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Joseph F. Rice School of Law

Supreme Court’s immigration ruling reflects influence of Judge Shedd’s Fourth Circuit dissent

On June 26, the United States Supreme Court issued a per curiam order staying in part two lower court orders that had preliminarily enjoined enforcement of President Trump’s executive order limiting entry in the nation by foreign nationals from six countries.  In its order, the Supreme Court used reasoning similar to that argued by United States Circuit Court Judge, and USC Law adjunct professor, Dennis Shedd in his dissent to the Fourth Circuit’s earlier decision upholding one of the injunctions in its entirety.

Both the Supreme Court and Judge Shedd, who teaches a course in Fourth Circuit Practice at the School of Law, cited Winter v. Natural Resources Defense Council, Inc. as precedent establishing the need for courts to balance equities when considering the imposition of a preliminary injunction.  Judge Shedd, in his Fourth Circuit dissent, had found that the District Court instead improperly implied a “least restrictive means” test to evaluate whether the President’s order appropriately addressed national security issues.  “The relevant point,” Judge Shedd wrote, “is not whether the temporary travel pause is the only way, or even the best way, to protect national security.  The simple fact of the matter is…that the temporary travel pause will in fact promote an important national security objective.”  He argued that the value of that objective “greatly outweighs” any harm asserted by the plaintiffs.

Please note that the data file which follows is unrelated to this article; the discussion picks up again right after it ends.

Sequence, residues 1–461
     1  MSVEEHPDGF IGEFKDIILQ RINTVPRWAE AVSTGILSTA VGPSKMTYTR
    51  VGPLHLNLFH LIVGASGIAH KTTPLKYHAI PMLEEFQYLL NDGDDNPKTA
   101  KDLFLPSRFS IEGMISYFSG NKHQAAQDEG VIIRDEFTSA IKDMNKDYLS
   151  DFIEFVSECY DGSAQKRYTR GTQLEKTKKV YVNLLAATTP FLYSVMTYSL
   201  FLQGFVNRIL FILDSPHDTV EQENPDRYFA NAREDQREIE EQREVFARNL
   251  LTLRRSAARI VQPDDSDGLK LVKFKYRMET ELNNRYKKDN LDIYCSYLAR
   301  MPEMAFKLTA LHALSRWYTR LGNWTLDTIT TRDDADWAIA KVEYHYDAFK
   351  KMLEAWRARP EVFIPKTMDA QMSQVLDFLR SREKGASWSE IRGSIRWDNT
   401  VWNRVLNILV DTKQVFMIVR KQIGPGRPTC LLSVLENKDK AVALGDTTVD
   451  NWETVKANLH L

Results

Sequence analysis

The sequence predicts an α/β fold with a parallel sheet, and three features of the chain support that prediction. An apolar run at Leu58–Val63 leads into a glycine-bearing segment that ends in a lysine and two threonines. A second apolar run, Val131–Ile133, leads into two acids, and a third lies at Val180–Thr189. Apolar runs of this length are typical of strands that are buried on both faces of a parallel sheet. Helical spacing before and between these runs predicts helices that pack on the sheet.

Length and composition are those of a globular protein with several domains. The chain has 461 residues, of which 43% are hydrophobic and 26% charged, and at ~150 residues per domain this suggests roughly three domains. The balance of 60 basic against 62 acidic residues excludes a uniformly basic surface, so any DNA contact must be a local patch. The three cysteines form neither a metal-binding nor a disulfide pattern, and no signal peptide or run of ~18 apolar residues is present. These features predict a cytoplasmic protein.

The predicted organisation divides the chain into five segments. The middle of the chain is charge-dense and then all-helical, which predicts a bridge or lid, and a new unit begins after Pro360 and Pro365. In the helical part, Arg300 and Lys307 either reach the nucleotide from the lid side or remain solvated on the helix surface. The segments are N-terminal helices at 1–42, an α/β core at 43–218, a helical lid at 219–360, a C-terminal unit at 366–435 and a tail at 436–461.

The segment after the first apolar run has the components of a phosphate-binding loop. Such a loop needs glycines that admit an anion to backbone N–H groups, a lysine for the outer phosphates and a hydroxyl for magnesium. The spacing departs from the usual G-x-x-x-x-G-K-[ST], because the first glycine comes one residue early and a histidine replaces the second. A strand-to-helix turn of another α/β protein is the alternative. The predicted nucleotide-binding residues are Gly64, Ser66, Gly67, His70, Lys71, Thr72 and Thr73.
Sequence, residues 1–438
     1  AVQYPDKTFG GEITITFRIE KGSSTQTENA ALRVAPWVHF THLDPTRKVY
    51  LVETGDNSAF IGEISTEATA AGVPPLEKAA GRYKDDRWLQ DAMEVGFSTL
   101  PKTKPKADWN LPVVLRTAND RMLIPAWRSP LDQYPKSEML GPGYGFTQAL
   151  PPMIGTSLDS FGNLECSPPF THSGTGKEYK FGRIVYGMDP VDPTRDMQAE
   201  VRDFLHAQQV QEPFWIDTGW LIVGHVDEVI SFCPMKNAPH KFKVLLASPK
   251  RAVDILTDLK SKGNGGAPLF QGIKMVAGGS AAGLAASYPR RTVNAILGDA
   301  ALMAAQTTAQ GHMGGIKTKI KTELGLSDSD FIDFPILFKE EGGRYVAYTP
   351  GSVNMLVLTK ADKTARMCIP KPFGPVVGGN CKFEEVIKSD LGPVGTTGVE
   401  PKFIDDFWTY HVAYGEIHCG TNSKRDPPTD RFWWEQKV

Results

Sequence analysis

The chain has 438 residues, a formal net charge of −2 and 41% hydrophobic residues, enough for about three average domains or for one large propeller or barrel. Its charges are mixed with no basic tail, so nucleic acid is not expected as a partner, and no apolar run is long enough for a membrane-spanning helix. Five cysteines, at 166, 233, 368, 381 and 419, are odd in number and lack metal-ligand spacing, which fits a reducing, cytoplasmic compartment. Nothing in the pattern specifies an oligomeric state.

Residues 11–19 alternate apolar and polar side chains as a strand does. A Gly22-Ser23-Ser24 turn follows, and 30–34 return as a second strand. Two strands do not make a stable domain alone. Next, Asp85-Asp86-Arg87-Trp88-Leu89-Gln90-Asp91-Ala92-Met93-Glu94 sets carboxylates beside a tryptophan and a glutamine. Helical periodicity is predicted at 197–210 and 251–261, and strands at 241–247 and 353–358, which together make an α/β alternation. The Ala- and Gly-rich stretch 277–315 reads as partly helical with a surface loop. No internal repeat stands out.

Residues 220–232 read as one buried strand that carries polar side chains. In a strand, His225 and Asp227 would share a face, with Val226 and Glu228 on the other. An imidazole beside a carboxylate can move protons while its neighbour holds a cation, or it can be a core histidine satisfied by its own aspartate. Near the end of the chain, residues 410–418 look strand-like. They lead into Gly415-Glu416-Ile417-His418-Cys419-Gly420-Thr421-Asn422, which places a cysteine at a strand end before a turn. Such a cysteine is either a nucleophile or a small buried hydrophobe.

The Supreme Court similarly stressed the need for a court to balance equities when considering a preliminary injunction.  “The purpose of such interim equitable relief is not to conclusively determine the rights of the parties, …, but to balance the equities as the litigation moves forward.”  The Supreme Court then found that the lower courts had not adequately weighed the government’s national security interests in situations in which the foreign national has no connection to the United States. “To prevent the Government from pursuing that objective by enforcing [the executive order] against foreign nationals unconnected to the United States would appreciably injure its interests, without alleviating obvious hardship to anyone else.” 

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